The Analyst Paradox

Recently, Procuri made an interesting strategic hire by pulling Tim Minahan from Aberdeen. Procuri’s CEO, Mark Morel, was quoted on Spend Matters, which you can read here. Whether we believe his statements or not, it is critical that everyone realize that Tim is bringing over a wealth of competitive insight into his new role, even if he does not share competitive secrets he received under NDA. This is not a personal issue — I would be much more upset if I were Ariba or Emptoris, for instance. Tim knows plenty about Iasta, but little compared with what he knows about the high-priced heavyweights and their future directions and strategies, who have more time to dedicate to working with the analysts. Also, we can all agree that the shelf-life for competitive knowledge is pretty limited in such a fast moving industry.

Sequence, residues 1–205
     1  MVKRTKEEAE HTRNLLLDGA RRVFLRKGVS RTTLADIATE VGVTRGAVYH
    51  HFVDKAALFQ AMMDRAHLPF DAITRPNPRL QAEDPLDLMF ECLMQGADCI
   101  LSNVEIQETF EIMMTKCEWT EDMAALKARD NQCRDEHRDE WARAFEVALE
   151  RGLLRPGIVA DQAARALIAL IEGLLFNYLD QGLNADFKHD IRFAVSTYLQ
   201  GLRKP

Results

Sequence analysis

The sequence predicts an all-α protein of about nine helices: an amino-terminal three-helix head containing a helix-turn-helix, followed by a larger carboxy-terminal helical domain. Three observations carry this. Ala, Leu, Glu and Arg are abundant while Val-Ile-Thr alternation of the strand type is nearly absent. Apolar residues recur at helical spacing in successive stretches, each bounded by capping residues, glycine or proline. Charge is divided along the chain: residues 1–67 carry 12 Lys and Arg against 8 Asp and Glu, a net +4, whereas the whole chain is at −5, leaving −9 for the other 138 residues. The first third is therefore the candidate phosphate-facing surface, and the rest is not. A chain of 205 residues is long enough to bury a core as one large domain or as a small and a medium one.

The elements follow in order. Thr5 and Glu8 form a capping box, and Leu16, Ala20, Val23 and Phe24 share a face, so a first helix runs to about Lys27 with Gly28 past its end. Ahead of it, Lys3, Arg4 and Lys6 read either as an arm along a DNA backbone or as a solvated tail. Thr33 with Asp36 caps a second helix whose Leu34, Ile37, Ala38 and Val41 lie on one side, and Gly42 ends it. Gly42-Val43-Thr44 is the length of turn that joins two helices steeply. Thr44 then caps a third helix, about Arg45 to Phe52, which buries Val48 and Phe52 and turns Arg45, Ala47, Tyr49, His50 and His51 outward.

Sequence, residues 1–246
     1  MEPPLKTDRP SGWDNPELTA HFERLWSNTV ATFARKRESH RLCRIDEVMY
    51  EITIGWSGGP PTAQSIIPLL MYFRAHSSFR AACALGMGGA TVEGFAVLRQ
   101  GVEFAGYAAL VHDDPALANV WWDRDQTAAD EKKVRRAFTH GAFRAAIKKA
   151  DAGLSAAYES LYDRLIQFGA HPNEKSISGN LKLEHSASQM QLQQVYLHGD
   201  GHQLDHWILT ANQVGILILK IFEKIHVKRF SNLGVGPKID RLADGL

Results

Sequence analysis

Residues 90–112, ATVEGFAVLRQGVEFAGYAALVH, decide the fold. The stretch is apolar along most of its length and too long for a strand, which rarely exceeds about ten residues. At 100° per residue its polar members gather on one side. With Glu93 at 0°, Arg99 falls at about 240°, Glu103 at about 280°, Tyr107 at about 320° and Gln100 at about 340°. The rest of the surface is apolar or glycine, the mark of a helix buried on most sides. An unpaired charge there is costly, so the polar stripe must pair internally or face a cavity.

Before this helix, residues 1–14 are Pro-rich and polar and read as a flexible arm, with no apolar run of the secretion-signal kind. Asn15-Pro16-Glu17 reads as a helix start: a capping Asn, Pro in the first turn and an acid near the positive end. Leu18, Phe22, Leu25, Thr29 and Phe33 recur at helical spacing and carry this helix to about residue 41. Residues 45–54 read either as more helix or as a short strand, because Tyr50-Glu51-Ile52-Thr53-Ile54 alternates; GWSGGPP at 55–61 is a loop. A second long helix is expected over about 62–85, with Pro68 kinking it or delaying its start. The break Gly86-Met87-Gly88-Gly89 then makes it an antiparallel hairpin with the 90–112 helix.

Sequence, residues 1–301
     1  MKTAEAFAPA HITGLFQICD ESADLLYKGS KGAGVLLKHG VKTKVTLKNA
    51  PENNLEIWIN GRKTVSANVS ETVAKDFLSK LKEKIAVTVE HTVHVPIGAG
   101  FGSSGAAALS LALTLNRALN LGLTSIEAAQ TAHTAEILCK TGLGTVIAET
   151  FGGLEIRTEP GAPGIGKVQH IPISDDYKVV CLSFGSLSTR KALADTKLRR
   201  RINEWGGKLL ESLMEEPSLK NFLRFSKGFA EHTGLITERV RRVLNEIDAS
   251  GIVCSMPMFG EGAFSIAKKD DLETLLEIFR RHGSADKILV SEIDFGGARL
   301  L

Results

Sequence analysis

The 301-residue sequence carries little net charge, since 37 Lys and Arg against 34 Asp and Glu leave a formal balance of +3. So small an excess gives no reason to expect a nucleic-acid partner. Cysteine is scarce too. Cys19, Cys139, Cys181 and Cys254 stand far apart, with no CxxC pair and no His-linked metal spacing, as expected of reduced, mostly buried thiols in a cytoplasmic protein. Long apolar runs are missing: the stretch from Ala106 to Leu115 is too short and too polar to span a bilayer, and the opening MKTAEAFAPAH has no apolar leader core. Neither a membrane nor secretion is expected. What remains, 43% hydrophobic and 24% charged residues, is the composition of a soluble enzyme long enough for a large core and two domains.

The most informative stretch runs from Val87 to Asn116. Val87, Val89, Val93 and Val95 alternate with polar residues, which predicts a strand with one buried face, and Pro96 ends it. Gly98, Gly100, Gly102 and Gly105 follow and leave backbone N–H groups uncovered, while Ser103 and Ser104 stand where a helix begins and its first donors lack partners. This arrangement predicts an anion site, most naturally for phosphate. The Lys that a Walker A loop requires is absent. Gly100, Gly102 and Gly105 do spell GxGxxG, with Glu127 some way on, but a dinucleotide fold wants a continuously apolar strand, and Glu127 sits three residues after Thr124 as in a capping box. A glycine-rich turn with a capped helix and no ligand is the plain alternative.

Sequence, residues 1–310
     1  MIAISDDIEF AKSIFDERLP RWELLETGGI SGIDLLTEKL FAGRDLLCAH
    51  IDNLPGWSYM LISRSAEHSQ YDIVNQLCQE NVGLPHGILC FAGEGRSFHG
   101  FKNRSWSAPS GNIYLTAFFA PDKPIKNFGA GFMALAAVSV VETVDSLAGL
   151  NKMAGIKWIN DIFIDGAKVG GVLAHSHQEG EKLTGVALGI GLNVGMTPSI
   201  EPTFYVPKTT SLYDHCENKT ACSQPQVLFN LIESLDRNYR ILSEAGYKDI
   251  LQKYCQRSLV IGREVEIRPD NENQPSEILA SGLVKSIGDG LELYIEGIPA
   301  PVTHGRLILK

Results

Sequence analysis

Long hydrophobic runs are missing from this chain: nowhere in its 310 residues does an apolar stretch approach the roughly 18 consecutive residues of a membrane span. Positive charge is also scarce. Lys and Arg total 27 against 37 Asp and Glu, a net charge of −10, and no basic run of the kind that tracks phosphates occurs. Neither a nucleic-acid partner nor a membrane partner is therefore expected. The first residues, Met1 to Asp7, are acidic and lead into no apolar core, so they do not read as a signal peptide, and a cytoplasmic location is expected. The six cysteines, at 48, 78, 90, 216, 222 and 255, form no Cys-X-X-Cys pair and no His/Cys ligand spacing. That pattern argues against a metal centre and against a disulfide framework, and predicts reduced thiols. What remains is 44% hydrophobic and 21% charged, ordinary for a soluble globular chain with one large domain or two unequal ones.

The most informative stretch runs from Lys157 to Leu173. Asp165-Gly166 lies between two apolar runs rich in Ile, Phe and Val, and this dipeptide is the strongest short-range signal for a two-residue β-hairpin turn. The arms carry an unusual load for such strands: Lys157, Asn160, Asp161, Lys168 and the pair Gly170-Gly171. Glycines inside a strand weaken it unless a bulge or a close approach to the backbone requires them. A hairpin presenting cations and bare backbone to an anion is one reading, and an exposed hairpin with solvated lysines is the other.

Regardless, Tim going to a vendor means that a gold mine of insider knowledge – even if he opts not to share it explicitly with his new company – will go with him. This brings my attention to what I like to think of as the Analyst Paradox. To wit, vendors need analysts to promote their value proposition and perspective. But in the process, they give up truckloads of information and are often pressed during briefings to answer very sensitive questions which can then be re-sold to direct competitors as market insight (this happens all of the time in competitive private studies the analyst firms do for clients). It is a very tough call on what to do because these companies can offer a lot of help and attention. But the question is…at what price?

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